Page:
If there is some parental conflict or tension, without some sound advice and support, the issue can become conflated with other matters. For example, if there is parental conflict already, a child confiding that they are exploring their understanding of their gender, does not automatically have anything to do with the parental conflict. The same is true for sexual orientation. To avoid further tension, a strong dose of calm is often the best remedy from the beginning, especially when supporting a child.

That can become very challenging for parents. Especially if it’s within the context of parental disagreement or conflict (ongoing or historic but not forgotten) for a child, as it’s a topic that we see can sometimes invoke partisan views.

Of course, each situation depends on its own specific facts. Tailored legal support and advice is always going to be helpful in these situations. Support from a wider network might also be beneficial, for example, from the child’s school.

The key message is the importance of open-mindedness. Specifically, as a parent is trying as much as they can to understand and support their child during their exploration and understanding of their own identity.

The importance of communication

It’s crucial that children feel comfortable and able to share their views and feelings with both of their parents. Often, in situations where parents have different views on sexual orientation or gender identity, the issues can quickly become very hard to manage and address. Parents can become entrenched or lose sight of reality. The converse may also be true, therefore, each situation needs sensitive handling.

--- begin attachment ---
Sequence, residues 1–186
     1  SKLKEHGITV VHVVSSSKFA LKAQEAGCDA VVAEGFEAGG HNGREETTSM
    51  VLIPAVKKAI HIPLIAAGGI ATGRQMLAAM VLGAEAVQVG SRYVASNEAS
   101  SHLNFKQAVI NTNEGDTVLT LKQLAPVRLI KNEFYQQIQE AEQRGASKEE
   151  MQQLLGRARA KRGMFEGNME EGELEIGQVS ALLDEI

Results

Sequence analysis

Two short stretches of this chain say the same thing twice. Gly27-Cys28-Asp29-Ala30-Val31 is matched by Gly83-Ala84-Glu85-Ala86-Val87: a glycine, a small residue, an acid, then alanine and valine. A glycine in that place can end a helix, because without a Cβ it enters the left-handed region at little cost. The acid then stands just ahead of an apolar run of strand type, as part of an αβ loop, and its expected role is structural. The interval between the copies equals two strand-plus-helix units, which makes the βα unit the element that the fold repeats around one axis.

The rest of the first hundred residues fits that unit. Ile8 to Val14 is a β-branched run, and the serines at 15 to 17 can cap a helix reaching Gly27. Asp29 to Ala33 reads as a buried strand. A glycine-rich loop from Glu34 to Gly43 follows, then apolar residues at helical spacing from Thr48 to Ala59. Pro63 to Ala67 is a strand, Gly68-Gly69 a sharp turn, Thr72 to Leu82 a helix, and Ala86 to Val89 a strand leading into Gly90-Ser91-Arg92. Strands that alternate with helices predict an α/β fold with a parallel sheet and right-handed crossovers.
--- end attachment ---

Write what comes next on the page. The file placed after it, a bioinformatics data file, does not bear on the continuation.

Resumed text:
Without a cohesive and functioning dialogue between parents, away from the child, these issues can cause much upset and place the child at the centre of real emotional harm. This can make it difficult for the child, as they’re already struggling and looking to their parents for love and support.

Often, a safe space away from judgement or argument is the very best environment for a child so they can understand themselves and know they’re still loved and cared for equally. Also, parents will want their child to talk to them and feel safe to do so. That’s made much harder if a child is aware that the issue of their sexual orientation or gender identity is resulting in parental tensions.

For example, we sometimes see cases where a parent has concerns about a child exploring their identity, which is supported and encouraged by one parent and opposed by the other. The child is then firmly in the midst of emotional harm. This is a scenario where parents need to support the child and each other to move forward as a separated but emotionally united family for the child.

Of course, each case turns on the facts, so the appropriate advice and support will be tailored and applied specifically to each situation. The issues are often nuanced. That needs proper care and attention. The emphasis should be placed on having a calm, mature, and joined-up discussion, led by parents. This then, minimises the risk of emotional harm that a child could experience.

It’s important to remember that those in the LGBTQ+ community have experienced huge social and political change. Parents are now much better placed for these types of situations and if they’re on the same page and in proper adult dialogue, they can ensure their child feels comfortable and happy. This contrasts with this type of situation becoming an immediate concern and a source of material disagreement and conflict.

Scott Halliday is a Senior Associate at Irwin Mitchell LLP in the Family Law Team.